Asparagus was first introduced to Japan during the Edo Period (1603-1868) by the Dutch, but as with most exotic plants it was initially grown as an ornamental rather than for eating. In the early 20th century, white asparagus, which is grown by blanching — preventing the emerging spears from being exposed to light — was cultivated in Hokkaido, mainly for export to the European market, although it was served by a few domestic high-end French restaurants.

The vegetable did not become widely cultivated for domestic consumption until the early 1970s. But instead of white asparagus, the green type predominated, as is still the case today. These days, white asparagus is usually only available in canned or bottled form, but green asparagus is a familiar sight in supermarkets, especially around this time of year.

Asparagus is a pretty expensive vegetable in Japan, so you shouldn’t waste a single bit of it. Don’t cut off the thicker ends of the stalks — peel off the outer skins instead, which makes them tender and edible.

Asparagus is great in salads, stir-fries, grilled and more, but here are two recipes that go with plain rice as part of a meal, or even as a drinking appetizer. The first one uses black sesame paste, which you can buy in jars. If you don’t have it, grind up whole roasted sesame seeds into a paste using a suribachi (ceramic mortar with ridges). You can use regular light brown sesame seeds instead of black, but I think the black looks much more dramatic against the bright green of the asparagus.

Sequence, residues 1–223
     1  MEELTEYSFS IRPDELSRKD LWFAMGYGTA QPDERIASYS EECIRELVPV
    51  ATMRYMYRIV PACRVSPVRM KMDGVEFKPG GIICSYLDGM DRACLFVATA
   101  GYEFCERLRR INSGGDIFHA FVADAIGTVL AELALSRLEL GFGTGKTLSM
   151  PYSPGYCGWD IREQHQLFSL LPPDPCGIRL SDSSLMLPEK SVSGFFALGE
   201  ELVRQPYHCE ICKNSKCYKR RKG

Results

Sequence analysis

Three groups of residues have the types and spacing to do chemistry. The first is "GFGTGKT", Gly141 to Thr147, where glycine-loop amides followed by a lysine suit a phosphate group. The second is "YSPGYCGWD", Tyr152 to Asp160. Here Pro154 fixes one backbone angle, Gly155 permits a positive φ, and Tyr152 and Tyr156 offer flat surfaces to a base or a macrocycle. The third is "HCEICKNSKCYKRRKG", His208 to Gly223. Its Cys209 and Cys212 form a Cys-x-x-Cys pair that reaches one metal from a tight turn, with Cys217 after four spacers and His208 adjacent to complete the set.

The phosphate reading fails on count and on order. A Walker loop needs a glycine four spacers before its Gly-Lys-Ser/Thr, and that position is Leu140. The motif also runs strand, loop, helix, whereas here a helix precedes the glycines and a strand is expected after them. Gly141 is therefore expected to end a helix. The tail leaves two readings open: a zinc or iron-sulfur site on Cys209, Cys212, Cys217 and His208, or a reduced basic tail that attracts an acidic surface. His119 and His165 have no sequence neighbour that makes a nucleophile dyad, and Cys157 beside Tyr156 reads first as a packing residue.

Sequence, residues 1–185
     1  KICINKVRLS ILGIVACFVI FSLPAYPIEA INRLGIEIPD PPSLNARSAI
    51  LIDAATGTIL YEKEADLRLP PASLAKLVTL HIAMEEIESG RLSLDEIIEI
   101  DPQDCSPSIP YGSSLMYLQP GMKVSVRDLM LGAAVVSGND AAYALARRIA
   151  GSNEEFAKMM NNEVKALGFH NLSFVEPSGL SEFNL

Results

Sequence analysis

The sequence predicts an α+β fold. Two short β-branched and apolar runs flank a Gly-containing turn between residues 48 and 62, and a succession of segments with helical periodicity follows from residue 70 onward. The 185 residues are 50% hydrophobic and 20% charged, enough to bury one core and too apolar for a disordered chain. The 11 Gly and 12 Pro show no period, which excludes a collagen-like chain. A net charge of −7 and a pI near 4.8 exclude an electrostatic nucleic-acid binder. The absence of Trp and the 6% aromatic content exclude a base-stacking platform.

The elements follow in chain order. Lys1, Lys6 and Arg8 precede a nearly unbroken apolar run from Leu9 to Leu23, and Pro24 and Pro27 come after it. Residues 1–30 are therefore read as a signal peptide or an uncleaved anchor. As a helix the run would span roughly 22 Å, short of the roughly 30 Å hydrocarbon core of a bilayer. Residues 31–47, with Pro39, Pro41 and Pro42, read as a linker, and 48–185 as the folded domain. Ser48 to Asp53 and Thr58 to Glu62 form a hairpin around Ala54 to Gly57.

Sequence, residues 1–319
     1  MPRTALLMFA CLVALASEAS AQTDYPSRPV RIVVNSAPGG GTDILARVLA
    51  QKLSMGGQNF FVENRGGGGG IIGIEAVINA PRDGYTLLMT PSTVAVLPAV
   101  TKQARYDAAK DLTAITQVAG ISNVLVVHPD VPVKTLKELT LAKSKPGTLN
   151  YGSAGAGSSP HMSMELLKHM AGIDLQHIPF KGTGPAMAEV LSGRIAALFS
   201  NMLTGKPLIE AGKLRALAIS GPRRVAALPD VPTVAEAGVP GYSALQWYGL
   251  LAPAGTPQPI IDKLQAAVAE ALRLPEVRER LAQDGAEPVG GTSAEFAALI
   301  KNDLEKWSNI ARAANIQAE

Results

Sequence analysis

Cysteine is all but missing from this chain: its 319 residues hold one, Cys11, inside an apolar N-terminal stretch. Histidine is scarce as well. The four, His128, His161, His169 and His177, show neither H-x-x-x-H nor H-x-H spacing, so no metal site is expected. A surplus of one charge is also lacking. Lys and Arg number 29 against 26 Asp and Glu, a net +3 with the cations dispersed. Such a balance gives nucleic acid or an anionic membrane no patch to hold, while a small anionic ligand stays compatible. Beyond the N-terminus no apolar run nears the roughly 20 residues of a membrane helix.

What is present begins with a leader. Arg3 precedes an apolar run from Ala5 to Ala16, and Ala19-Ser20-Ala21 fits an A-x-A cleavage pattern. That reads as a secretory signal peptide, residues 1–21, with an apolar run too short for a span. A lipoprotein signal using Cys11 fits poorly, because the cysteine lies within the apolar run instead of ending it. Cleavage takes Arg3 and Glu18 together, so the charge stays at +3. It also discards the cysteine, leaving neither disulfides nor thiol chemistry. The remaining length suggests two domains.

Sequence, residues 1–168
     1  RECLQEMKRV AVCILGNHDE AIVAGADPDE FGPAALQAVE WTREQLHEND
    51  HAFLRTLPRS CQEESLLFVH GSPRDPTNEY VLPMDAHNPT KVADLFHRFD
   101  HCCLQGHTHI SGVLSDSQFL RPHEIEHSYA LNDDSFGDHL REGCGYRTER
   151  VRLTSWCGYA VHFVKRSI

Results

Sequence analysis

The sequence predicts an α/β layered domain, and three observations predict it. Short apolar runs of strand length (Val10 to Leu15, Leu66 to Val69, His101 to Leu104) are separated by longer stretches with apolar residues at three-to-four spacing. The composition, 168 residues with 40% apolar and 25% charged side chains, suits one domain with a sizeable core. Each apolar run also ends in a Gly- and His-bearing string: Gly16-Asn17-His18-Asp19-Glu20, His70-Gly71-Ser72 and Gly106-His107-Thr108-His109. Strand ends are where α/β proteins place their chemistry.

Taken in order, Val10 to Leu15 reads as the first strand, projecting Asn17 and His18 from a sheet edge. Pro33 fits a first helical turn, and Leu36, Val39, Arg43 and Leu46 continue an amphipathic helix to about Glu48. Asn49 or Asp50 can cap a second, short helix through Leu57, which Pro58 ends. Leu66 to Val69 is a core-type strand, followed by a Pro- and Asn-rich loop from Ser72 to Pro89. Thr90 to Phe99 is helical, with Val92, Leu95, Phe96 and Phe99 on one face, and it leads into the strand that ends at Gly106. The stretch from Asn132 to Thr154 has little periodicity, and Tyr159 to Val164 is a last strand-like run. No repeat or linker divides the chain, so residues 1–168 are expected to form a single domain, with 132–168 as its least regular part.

The second recipe is almost a no-brainer to make. Simply saute blanched asparagus in butter, and season with wasabi and soy sauce.


Asparagus with black sesame sauce

Serves 2 to 4

Prep: 10 mins.; cook: 5 mins.


• 3 tablespoons nerigoma (ground black sesame paste)

• ½ tablespoon sake

• 2 teaspoons sugar

• 2 teaspoons usukuchi (light) soy sauce

• 300 grams green asparagus (about 6 stalks)

• Salt

• ½ teaspoon whole black sesame seeds


1. Peel off the outer skin from the asparagus stalks. Cut into 3-centimeter-long diagonal pieces.

2. Bring a pan of water to a boil and add a little salt. Boil the asparagus stalk pieces first for two minutes, then add the tips or spears and boil for an additional two minutes. Drain well.

3. Combine the ground sesame, sake, sugar and soy sauce into a paste. Combine with the asparagus pieces to coat. Arrange the asparagus pieces on a plate or in a bowl.

4. Take the whole sesame seeds between your thumb and forefinger, and twist to crush them lightly as you scatter them on the asparagus.


Asparagus with wasabi butter

Serves 2 to 4

Prep: 10 mins.; cook: 5 mins.


• 300 grams green asparagus (about 6 stalks)

• Salt

• 1 tablespoon butter

• ½ tablespoon fresh, grated wasabi or wasabi paste from a tube

• 2 teaspoons usukuchi (light) soy sauce

• A pinch of salt (optional)


1. Prep and blanch the asparagus stalks as for the Asparagus with Black Sesame Sauce (above). Drain well. Combine the wasabi and soy sauce in a small bowl.

2. Melt the butter in a frying pan over medium heat. Add the asparagus, and saute while turning until very lightly browned. Add the wasabi and soy sauce, toss briefly and take off the heat. Adjust the seasoning with salt, and serve immediately.

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